The Doha Racing & Equestrian Club

Since the beginning of Arab civilization, horses have played an invaluable role in the wars and conquests that have shaped the Middle East. In the process, the quest to obtain the fastest horse for battle and communication led to the formalization of horse races. This tradition continues to the present, although more for pride than anything.

In Qatar, horse racing is serious business. The Qatar Racing & Equestrian Club (REC), which was established in 1975, holds races most Wednesdays and Thursdays from October to May on either its sand or turf tracks. Although the club holds thoroughbred, maiden, and handicap races, the real attraction is its purebred Arabian races, since the breed is native to the Arabian Peninsula.

The REC is also heavily invested in the international horse racing community and is currently the official sponsor of the Qatar Prix de L'Arc de Triomphe, which is held in October, and is the most prestigious horse race in Europe. Since 1920, the race has been held at Longchamp Racecourse in Paris, and annually attracts over 70,000 spectators and close to 1 billion television viewers.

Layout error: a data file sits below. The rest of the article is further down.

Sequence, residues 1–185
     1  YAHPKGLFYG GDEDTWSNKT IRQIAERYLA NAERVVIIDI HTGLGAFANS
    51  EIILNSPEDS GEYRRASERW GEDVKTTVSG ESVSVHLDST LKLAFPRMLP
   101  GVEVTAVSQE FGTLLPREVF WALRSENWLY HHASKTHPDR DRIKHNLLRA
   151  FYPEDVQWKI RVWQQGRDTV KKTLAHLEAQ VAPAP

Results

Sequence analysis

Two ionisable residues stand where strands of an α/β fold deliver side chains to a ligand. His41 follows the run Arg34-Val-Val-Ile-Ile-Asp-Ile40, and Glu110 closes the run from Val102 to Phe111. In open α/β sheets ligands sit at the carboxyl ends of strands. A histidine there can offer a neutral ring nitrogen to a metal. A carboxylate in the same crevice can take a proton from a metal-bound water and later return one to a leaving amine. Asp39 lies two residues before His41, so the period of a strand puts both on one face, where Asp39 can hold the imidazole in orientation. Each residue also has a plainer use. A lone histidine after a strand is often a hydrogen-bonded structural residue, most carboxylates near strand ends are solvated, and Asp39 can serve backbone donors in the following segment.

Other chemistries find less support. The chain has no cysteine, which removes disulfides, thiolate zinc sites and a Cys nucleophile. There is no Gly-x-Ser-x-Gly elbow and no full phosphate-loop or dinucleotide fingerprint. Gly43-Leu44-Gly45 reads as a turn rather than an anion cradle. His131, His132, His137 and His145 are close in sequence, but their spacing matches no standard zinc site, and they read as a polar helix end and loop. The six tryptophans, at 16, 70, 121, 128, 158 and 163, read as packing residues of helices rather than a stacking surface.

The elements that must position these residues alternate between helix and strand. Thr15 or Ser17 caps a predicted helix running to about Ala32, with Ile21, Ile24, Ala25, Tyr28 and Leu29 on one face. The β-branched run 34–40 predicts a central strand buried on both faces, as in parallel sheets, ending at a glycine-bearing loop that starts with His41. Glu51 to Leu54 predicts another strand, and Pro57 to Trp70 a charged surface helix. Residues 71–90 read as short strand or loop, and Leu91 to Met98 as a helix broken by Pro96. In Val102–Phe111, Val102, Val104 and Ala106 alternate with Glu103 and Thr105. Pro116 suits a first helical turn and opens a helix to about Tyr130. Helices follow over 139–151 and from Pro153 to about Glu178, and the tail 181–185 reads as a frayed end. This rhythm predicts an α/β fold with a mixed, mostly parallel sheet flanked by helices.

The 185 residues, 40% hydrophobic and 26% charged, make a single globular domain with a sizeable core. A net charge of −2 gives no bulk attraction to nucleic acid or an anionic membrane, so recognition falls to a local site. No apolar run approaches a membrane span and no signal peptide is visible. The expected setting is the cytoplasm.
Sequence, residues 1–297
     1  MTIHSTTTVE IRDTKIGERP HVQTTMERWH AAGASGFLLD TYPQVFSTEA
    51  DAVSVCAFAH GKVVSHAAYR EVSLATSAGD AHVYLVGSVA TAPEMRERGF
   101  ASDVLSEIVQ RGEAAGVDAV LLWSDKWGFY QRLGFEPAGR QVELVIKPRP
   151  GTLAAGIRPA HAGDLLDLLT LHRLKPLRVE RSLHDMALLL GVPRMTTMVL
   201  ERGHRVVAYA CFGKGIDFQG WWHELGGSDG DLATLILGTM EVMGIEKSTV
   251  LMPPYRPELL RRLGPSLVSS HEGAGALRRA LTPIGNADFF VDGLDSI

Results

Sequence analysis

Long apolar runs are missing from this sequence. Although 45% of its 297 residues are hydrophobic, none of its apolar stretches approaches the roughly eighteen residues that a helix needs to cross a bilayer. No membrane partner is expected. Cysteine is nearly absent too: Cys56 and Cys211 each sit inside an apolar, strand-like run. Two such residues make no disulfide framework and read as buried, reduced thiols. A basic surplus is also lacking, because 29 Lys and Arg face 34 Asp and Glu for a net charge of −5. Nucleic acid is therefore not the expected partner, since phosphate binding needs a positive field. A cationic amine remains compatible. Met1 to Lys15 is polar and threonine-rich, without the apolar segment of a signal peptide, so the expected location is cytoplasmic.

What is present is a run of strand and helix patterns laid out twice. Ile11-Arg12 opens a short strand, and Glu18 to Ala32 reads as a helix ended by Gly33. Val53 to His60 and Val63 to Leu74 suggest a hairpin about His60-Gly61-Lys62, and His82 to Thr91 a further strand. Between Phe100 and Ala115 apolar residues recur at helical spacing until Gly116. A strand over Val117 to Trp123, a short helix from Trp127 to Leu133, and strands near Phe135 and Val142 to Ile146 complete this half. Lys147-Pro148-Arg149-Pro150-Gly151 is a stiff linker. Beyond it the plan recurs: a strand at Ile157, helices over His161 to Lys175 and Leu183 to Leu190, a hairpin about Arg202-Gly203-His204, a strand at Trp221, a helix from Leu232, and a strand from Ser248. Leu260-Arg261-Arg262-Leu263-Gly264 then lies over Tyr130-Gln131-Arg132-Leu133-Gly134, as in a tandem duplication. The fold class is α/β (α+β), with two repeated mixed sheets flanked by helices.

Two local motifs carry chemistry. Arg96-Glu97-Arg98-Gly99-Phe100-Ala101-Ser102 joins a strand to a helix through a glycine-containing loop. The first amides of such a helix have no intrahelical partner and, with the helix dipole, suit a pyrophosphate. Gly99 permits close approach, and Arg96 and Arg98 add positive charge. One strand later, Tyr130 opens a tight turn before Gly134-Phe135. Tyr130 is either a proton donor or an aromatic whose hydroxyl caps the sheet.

Although not Longchamp, the REC facilities are impressive. The living conditions of the horses at the REC made me question my own quality of life in Canada. Aside from its racing tracks, the REC boasts a horse rehab centre, numerous stables, several training facilities, a horse pool, and a whole staff dedicated to ensuring the horses are fit to race. I even noticed a horse ambulance parked adjacent to one of the stables.

Our cameraman, Tim Ziegler, and my colleague, Elaine Ng, had the opportunity to be up close and personal with one of the REC residents. The horse was nicknamed Princess, cost US$3.6 million, and stood very tall, and very proud. (And she seemed to understand English words like "beautiful horse," "gorgeous horse," "pretty horse," and so forth.) We were lucky to see the horse, explained the trainer, since she normally spends her time grazing in the green fields of Europe. What a life! Just another day at the races ...

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